Republican presidential candidate Mitt Romney is attempting to do some damage control following the revelation of remarks he made at a private fundraiser earlier this year criticizing supporters of President Obama as people who don't assume personal responsibility or pay income taxes.
"There are 47 percent of the people who will vote for the president no matter what," Romney said in the undated video, released by liberal news outlet Mother Jones late Monday.
"There are 47 percent who are with him, who are dependent upon government, who believe that they are victims, who believe the government has a responsibility to care for them," he added in the one-minute video, which blurs faces of donors but in which you can clearly see Romney speaking.
The former Massachusetts governor goes on to characterize this 47 percent as people who "believe that they are entitled to health care, to food, to housing, to you-name-it - that that's an entitlement. And the government should give it to them."
"These are people who pay no income tax," Romney is heard saying. "My job is not to worry about these people. I'll never convince them they should take personal responsibility and care for their lives."
The video created a firestorm on traditional and social media last-night, with pundits and journalists speculating when and where the remarks were made and how this would affect the Romney campaign.
Mother Jones DC editor David Corn then revealed he believed the remarks were made at a fundraiser at the Boca Raton, Florida, home of Marc Leder, the co-CEO of Sun Capital Partners, Inc., a private equity firm focused on leveraged buyouts and debt.
The Corn article also cited a New York Post piece claiming Leder is famous for holding wild parties at his Bridgehampton, N.Y., property, where "guests cavorted nude in the pool and performed sex acts, scantily dressed Russians danced on platforms and men twirled lit torches to a booming techno beat."
Late Monday night, Romney held an impromptu press conference to address the video, a rare move from a candidate who is not known to seek out direct press interaction.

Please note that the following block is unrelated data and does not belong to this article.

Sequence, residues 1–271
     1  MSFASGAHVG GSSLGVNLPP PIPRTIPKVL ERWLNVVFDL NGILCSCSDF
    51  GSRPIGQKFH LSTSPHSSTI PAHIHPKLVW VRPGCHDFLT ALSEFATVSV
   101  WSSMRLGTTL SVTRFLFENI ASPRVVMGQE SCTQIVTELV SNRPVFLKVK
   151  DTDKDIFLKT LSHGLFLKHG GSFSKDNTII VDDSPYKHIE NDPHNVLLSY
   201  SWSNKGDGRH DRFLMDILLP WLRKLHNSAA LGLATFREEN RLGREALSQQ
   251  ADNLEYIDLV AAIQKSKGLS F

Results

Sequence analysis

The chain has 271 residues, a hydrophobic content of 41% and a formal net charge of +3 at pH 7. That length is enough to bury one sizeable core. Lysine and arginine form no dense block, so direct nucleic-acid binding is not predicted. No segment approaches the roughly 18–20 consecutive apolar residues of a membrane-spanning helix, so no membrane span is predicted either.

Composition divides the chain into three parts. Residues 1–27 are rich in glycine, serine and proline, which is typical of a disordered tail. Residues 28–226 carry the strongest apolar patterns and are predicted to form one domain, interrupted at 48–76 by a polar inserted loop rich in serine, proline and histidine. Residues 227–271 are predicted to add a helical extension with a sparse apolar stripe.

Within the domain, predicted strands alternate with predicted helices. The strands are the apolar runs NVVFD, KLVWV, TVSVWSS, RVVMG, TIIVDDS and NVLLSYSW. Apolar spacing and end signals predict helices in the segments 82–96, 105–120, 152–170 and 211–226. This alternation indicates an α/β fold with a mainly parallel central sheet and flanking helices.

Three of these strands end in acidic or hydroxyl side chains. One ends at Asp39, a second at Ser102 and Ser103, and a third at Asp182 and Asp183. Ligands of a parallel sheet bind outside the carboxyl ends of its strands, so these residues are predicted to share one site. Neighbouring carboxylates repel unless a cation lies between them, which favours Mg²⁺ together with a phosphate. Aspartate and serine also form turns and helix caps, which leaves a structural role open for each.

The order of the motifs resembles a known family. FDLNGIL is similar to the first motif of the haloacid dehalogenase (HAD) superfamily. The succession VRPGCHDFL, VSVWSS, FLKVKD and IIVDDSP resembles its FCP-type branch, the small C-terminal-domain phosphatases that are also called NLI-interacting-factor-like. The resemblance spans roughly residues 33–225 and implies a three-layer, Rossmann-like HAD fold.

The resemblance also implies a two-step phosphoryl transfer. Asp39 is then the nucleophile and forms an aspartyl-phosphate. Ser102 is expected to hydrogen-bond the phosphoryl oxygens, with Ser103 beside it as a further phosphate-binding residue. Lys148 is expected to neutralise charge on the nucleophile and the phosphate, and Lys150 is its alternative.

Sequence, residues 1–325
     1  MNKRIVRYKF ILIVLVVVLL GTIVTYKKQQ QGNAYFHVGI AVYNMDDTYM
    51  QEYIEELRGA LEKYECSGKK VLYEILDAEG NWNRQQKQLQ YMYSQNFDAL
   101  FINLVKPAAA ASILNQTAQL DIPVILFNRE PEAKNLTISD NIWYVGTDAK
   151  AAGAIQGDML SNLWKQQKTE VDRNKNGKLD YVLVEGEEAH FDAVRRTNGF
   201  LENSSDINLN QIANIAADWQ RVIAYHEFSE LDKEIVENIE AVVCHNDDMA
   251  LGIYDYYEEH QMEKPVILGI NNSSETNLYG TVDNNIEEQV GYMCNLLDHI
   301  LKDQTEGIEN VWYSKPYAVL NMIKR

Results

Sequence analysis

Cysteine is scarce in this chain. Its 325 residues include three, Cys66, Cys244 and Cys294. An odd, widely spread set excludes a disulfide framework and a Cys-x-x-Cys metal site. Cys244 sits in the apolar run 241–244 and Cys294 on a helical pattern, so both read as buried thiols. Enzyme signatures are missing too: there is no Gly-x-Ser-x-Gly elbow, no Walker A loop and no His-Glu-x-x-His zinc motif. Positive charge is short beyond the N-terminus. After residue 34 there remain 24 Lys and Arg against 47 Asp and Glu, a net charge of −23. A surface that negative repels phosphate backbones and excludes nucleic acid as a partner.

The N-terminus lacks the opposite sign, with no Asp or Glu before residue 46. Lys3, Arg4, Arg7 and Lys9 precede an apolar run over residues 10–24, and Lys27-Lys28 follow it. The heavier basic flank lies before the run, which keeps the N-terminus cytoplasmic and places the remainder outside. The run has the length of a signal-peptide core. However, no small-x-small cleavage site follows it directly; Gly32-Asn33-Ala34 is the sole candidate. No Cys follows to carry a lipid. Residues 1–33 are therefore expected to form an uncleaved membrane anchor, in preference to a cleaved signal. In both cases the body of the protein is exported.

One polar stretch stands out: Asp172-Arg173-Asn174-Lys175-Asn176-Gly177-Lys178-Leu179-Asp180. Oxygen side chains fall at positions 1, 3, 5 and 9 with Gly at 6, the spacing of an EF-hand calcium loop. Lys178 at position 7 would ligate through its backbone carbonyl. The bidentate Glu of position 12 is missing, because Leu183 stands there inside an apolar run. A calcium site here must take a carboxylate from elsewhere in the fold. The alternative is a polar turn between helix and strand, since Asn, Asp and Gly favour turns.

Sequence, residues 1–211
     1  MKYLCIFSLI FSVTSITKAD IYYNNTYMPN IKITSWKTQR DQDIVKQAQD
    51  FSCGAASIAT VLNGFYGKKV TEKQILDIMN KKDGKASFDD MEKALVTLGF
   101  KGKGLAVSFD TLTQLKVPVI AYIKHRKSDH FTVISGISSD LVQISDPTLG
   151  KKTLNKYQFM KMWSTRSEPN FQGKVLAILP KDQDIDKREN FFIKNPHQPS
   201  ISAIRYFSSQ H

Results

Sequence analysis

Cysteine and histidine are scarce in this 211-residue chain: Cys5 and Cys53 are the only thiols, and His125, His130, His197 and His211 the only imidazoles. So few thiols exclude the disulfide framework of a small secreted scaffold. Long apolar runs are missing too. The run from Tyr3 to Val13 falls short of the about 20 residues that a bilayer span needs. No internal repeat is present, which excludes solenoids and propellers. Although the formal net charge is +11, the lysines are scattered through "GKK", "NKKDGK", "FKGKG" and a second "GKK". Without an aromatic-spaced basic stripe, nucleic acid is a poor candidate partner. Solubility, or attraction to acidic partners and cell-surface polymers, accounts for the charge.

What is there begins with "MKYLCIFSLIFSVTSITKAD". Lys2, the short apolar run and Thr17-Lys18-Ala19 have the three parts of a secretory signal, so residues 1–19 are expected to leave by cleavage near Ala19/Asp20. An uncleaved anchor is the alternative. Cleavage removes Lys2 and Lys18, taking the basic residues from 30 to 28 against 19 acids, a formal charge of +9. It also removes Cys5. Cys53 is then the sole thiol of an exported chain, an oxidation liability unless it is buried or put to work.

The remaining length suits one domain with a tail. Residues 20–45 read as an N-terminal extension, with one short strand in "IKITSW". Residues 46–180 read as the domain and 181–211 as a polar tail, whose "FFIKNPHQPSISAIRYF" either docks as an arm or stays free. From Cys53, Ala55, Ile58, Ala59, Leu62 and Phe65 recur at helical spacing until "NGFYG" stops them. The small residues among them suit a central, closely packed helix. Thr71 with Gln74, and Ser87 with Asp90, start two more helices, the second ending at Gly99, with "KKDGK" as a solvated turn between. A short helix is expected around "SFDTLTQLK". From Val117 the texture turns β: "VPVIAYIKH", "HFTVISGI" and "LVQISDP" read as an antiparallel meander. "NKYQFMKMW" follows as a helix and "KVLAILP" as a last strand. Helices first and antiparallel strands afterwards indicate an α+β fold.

Romney stood by the remarks, chalking them up to answering a question on how his campaign strategy would garner the votes necessary to win the election.
"There is a very different approach of the two different campaigns," Romney said at the press conference in Los Angeles. "As I point out, I recognize that among those that pay no tax - approximately 47 percent of Americans - I'm not likely to be highly successful with a message of lowering taxes."
In response to reporter questions that he characterized nearly half the electorate as victims unwilling to take personal responsibility, Romney said, "Of course individuals are going to take responsibility for their life, and my campaign is about helping people take more responsibility and becoming employed again."
"It's not elegantly stated," Romney added when asked whether he thought the manner in which he delivered the remarks was offensive. "I'm sure I could state it more clearly and in a more effective way than I did in a setting like that."
In the immediate reaction to the video release yesterday, some pundits speculated this would be a major blow to the Romney campaign. Others thought it simply solidified his position as the conservative candidate.
Obama campaign manager Jim Messina urged supporters of the president to donate in the wake of the video's release.
"The man who spoke these words — who demonstrates such disgust and disdain for half of our fellow Americans — is the other side's choice for President of the United States," Messina said in an email message to supporters.
"If we don't come through for President Obama right now, this will be the guy making big decisions that affect us and our families every single day," he added.
The issue will most likely continue to be raised in the weeks leading up to the first presidential debate on October 3rd. The debate, which will address domestic policy, will be held at the University of Denver in Colorado.
by RTT Staff Writer
For comments and feedback: email@example.com